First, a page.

The Future of Artificial Intelligence

The future of Artificial Intelligence is now.

Artificial intelligence is here and alive (almost).

But the real question is how soon will we as a society be adapting to it?

We’ve already adapted to some form of it.

Many brands are manufacturing AI in the form of a “personal assistant”.

For example, Amazon’s Alexa can control many compatible devices (switches, outlets, etc.), she can tell the temperature and weather forecast, she can play any piece of music available on Amazon Prime, she can play an “A” (via a skill called The Pianist), and she’s the perfect oven timer.

You name it. The perfect help you need around the house or office. With a name like Alexa, it could be a little hard to forget there’s really no “she”.

For all that is lovable about Alexa, you have to learn how to ask specifically about things the system can access. While you use natural language to accomplish these requests, the trigger phrases don’t always come naturally.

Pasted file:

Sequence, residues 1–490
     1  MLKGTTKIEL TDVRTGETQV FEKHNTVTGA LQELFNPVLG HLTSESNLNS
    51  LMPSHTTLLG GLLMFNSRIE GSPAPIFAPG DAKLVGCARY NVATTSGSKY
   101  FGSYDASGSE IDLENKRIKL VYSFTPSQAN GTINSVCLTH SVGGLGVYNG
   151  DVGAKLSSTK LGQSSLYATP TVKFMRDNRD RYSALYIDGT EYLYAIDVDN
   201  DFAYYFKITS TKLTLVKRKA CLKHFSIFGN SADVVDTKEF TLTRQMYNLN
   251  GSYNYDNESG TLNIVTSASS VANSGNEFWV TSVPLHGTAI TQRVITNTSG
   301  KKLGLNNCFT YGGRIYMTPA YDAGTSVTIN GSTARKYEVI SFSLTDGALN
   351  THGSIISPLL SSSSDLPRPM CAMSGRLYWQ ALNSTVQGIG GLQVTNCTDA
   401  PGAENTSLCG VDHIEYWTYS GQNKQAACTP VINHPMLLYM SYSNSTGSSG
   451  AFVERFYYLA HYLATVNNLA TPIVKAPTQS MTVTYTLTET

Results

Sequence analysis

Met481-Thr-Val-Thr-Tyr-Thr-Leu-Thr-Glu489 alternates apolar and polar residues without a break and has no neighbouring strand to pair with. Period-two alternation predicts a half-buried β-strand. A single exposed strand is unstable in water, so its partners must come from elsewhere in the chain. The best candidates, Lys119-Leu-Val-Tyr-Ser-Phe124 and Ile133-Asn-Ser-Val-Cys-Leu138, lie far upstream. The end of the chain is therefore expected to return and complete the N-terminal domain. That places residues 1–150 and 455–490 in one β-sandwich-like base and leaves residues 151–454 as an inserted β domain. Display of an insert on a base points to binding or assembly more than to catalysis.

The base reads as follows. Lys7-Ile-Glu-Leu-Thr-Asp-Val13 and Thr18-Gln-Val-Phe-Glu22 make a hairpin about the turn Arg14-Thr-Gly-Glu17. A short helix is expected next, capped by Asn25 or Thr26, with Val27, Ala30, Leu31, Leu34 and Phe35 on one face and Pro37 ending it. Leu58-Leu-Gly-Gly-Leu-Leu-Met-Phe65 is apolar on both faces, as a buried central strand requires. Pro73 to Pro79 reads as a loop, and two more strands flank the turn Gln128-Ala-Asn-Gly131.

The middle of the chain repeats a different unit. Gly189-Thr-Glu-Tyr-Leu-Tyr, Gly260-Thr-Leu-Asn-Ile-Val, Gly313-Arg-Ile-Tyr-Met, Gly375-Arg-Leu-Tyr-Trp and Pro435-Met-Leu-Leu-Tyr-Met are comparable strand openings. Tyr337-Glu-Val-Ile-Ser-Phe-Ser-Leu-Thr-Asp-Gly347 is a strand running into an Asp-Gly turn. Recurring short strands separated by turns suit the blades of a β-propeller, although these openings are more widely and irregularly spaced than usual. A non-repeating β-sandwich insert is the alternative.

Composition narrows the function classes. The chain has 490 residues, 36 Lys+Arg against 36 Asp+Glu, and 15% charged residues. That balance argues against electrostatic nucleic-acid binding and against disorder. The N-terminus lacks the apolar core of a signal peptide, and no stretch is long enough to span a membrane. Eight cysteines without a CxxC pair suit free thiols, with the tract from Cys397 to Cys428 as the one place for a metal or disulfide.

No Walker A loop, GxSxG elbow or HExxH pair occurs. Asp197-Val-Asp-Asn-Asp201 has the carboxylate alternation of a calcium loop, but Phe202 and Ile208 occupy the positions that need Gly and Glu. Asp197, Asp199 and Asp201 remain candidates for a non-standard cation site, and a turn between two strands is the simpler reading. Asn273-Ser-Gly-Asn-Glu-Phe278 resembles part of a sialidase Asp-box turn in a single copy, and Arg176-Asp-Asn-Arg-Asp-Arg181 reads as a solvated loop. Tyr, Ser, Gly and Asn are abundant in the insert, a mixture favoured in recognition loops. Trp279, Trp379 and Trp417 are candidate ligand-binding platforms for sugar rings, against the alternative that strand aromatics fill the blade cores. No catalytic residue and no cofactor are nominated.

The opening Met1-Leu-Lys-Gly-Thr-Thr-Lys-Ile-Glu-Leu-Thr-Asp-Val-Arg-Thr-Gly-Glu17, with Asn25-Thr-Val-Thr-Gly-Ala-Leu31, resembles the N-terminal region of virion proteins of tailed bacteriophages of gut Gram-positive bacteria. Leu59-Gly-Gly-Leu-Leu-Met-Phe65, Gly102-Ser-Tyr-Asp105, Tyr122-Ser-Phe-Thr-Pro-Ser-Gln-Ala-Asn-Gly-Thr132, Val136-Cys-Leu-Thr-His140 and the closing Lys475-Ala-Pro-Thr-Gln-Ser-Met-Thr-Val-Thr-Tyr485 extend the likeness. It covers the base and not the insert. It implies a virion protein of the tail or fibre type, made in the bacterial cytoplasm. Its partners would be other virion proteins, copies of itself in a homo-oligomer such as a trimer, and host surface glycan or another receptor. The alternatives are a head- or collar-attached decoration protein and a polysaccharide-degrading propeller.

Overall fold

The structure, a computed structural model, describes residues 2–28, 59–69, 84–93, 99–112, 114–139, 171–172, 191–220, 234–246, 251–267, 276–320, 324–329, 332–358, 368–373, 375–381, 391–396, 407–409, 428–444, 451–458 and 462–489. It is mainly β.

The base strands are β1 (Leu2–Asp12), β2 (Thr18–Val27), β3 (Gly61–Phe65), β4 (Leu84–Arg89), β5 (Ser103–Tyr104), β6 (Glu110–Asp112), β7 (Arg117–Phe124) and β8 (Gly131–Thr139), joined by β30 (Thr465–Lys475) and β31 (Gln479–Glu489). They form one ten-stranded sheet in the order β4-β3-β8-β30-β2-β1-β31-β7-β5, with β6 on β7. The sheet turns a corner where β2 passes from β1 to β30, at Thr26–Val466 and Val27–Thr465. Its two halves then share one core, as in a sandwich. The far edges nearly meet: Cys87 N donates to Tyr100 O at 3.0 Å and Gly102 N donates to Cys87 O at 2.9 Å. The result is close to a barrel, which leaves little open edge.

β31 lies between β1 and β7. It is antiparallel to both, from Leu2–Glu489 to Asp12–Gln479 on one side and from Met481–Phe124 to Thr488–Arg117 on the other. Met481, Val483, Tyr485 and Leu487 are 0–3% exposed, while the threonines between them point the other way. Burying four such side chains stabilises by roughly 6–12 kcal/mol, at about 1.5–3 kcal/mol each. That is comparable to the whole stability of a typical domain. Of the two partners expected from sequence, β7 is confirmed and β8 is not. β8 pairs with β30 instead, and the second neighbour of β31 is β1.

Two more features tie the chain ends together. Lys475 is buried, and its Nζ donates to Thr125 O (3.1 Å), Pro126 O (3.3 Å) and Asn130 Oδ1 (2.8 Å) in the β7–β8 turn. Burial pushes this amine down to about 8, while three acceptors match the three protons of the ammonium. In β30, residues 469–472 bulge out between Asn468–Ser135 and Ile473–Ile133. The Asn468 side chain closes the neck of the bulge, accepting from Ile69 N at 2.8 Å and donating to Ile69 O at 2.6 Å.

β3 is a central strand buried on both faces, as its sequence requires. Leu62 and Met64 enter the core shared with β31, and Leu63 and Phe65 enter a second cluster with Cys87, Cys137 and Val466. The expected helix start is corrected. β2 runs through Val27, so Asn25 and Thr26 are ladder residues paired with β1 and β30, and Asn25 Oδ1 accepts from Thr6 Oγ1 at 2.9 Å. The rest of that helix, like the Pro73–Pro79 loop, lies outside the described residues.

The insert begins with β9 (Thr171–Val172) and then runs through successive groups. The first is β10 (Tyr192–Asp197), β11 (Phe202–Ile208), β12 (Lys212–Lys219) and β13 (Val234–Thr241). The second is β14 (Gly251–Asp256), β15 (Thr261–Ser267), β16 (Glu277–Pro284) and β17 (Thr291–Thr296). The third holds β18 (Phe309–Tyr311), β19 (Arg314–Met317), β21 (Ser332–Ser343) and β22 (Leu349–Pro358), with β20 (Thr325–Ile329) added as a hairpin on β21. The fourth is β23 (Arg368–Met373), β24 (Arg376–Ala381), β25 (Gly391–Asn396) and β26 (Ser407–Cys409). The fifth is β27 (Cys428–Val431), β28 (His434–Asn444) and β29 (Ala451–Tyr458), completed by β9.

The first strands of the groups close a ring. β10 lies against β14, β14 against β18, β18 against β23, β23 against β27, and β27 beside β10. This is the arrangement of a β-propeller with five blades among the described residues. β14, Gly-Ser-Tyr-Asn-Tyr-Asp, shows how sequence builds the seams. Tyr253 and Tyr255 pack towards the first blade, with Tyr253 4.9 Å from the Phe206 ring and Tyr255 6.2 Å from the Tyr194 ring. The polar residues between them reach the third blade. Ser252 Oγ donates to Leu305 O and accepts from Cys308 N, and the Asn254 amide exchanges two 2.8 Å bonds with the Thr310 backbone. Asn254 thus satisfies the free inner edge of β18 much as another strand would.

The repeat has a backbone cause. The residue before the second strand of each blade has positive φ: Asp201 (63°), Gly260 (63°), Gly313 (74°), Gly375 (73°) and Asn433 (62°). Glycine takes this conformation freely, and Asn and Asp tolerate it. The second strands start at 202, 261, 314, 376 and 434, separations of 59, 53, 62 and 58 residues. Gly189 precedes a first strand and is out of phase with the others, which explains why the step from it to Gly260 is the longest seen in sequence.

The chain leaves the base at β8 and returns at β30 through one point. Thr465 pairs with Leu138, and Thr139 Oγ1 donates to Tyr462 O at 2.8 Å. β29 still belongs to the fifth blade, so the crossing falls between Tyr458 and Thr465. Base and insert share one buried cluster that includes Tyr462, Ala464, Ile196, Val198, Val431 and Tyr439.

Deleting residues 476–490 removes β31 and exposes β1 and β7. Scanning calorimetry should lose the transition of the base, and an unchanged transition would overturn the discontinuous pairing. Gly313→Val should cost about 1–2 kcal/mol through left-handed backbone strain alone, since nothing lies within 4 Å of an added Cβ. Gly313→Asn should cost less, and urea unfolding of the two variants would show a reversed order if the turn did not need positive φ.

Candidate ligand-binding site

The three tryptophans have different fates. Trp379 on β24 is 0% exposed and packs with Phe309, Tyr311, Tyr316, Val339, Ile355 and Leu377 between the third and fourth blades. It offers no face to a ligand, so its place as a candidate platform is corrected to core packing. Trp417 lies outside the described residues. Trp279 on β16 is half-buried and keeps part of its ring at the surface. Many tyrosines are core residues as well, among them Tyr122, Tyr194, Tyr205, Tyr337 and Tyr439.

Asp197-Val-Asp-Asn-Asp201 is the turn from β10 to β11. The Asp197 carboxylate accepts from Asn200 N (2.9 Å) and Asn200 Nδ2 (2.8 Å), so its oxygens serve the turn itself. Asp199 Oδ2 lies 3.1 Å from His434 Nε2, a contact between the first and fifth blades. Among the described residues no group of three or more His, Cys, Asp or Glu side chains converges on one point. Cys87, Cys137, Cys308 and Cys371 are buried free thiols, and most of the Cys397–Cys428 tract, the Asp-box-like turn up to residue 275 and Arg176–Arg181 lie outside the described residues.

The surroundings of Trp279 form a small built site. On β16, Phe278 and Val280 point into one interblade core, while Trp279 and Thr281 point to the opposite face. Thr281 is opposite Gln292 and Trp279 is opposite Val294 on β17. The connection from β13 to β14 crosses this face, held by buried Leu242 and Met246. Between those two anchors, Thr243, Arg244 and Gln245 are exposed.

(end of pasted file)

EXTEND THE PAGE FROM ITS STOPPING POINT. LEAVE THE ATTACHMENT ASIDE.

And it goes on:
The good news is that Alexa is evolving daily and the competition from Google Home will be good for everyone, including Siri, Cortana and every other well-funded NLP interface. In the very near future, we will talk to everything and everything will talk back.  The issue at hand is whether or not we’ll be able to distinguish the differences in opinions. Does a software program have the right to deduce and assume?

The automated thinking is there. Next is the feel and look of human interaction that’ll take place in the next wave of AI. Mind you, it’s not as far out as you may think.

Don’t believe me? Watch the video down below.

One of the most critical examples about natural language programs and their prowess was the 2013 movie Her, which was about a man who falls in love with an NLP system, named Samantha. It seemed like a far-fetched scenario but it really doesn’t seem like too much science-fiction today.

How will we teach our children to differentiate between machines that sound and act like people, and other disembodied voices that are actual people? Will a child (or a grown-up) know when a customer service representative is a person or an NLP interface?

In the very near future, it will be almost impossible to tell.

 

 

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